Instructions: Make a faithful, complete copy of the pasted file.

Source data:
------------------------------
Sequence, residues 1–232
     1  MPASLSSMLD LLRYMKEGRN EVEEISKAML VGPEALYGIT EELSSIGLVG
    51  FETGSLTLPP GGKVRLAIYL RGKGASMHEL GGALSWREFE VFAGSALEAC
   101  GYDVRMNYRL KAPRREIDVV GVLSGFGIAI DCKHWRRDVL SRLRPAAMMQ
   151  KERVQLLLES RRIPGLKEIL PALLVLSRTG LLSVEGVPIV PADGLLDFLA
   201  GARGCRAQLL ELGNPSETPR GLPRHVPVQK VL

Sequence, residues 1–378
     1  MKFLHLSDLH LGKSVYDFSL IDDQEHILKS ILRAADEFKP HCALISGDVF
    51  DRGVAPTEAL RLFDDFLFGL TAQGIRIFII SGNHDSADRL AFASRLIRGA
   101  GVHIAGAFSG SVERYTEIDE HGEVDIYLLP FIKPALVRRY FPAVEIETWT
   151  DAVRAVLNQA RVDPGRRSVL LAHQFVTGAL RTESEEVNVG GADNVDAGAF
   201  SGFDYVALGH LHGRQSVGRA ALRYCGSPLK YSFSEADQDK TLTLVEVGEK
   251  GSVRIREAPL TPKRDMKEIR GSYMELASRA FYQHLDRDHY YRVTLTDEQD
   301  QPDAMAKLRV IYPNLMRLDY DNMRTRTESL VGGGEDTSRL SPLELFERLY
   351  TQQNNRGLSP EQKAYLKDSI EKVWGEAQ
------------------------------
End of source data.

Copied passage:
Sequence, residues 1–232
     1  MPASLSSMLD LLRYMKEGRN EVEEISKAML VGPEALYGIT EELSSIGLVG
    51  FETGSLTLPP GGKVRLAIYL RGKGASMHEL GGALSWREFE VFAGSALEAC
   101  GYDVRMNYRL KAPRREIDVV GVLSGFGIAI DCKHWRRDVL SRLRPAAMMQ
   151  KERVQLLLES RRIPGLKEIL PALLVLSRTG LLSVEGVPIV PADGLLDFLA
   201  GARGCRAQLL ELGNPSETPR GLPRHVPVQK VL

Sequence, residues 1–378
     1  MKFLHLSDLH LGKSVYDFSL IDDQEHILKS ILRAADEFKP HCALISGDVF
    51  DRGVAPTEAL RLFDDFLFGL TAQGIRIFII SGNHDSADRL AFASRLIRGA
   101  GVHIAGAFSG SVERYTEIDE HGEVDIYLLP FIKPALVRRY FPAVEIETWT
   151  DAVRAVLNQA RVDPGRRSVL LAHQFVTGAL RTESEEVNVG GADNVDAGAF
   201  SGFDYVALGH LHGRQSVGRA ALRYCGSPLK YSFSEADQDK TLTLVEVGEK
   251  GSVRIREAPL TPKRDMKEIR GSYMELASRA FYQHLDRDHY YRVTLTDEQD
   301  QPDAMAKLRV IYPNLMRLDY DNMRTRTESL VGGGEDTSRL SPLELFERLY
   351  TQQNNRGLSP EQKAYLKDSI EKVWGEAQ